Yahoo Selling Half Of Its Alibaba Stake

May 21st, 2012 at 3:37 pm
 


It seems that the way for Yahoo to still survive its currently tumultuous existence is by trying to sell some of its properties. The recent news is that Yahoo will be selling half of its stake in China e-commerce giant Alibaba. But the transaction is said to take a more complex route. It will also require Yahoo to buy back some of its own shares from the capital gains that it is set to earn on the deal.

The deal is expected to have Yahoo sell half of its 40 percent stake in Alibaba, which makes up around 20 percent of the company and is worth around $7 billion. The deal will involve Alibaba paying Yahoo $6.3 billion in cash and $800 million in Alibaba preferred shares.

The deal is not bad for Yahoo since it first bought its Alibaba stake for $1billion back in 2005. The Internet pioneer now only has around 20 percent stake on the Chinese e-commerce site. There is also an agreement between both companies that Yahoo will also be selling the remainder of its shares to Alibaba in the later stages. There is also a possibility of Alibaba holding an IPO in the future which, according to the agreement, will require Alibaba to buy back another 10 percent of the stake from Yahoo or allow Yahoo to sell those shares in the IPO.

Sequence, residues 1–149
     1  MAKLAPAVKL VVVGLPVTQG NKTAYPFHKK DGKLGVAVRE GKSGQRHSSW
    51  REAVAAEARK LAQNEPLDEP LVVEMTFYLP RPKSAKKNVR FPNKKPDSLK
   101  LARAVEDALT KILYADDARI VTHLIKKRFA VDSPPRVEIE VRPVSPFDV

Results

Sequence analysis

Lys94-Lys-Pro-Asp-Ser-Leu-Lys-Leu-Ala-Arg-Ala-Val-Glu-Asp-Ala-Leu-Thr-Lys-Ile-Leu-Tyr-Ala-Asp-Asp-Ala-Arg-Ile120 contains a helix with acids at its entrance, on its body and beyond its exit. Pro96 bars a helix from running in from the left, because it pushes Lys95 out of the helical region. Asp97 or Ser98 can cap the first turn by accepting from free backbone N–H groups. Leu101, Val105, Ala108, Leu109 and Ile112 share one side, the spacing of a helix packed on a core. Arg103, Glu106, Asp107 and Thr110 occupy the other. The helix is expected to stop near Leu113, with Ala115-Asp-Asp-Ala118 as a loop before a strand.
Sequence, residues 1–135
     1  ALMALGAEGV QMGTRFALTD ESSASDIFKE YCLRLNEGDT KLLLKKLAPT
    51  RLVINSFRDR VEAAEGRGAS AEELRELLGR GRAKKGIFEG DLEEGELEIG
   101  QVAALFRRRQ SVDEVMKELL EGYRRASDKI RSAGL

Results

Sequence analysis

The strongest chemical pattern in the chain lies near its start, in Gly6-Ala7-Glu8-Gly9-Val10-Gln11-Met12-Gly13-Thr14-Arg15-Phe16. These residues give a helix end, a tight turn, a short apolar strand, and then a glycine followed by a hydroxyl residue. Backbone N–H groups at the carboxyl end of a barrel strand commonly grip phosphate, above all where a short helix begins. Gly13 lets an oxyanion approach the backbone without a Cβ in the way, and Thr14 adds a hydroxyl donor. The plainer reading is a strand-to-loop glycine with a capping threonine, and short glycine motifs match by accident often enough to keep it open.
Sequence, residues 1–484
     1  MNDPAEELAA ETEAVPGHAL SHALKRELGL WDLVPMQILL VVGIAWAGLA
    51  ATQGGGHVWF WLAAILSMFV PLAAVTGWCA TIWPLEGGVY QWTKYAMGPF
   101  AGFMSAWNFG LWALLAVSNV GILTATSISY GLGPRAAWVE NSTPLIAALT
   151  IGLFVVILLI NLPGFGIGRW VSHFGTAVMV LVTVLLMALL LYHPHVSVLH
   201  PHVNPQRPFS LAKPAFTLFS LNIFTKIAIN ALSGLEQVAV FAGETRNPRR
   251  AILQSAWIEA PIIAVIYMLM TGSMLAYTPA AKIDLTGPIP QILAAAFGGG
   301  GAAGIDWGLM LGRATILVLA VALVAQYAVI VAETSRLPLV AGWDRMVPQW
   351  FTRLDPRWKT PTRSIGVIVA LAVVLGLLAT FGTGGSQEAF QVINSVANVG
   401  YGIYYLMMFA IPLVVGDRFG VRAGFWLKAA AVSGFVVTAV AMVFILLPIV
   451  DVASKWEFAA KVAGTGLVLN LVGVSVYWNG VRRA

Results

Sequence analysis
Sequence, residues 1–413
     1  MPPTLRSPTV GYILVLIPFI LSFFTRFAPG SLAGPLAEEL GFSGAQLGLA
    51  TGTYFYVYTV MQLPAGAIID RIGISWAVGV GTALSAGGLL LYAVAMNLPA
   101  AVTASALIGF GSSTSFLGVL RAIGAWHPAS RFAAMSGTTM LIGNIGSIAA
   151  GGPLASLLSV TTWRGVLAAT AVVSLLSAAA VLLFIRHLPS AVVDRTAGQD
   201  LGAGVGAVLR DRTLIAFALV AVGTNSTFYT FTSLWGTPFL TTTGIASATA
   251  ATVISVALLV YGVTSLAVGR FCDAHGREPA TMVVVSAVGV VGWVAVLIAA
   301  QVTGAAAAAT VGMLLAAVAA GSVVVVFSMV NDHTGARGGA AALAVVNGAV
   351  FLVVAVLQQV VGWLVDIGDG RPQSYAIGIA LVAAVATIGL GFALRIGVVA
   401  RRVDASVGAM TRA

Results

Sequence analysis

The Yahoo stake in Alibaba has long been a cause of tension between the companies. There have been other deals that were made prior to the recent one that would have established a more balanced ownership structure on Alibaba. It has long been the contention the Chinese e-commerce site for Yahoo to unload its considerable stake on the company. But previous deals ended up with both sides in disagreement over the details. It was only the recent deal that gave both sides something to agree on.

The new deal will now allow Alibaba Chairman and CEO Jack Ma better control of the company and will be at the driver’s seat when it comes to making the decisions for the company in the future. While Yahoo and Japan’s Softbank still hold 50 percent of the company, both companies have agreed to limit their collective shareholder voting rights to less than 50 percent.

 

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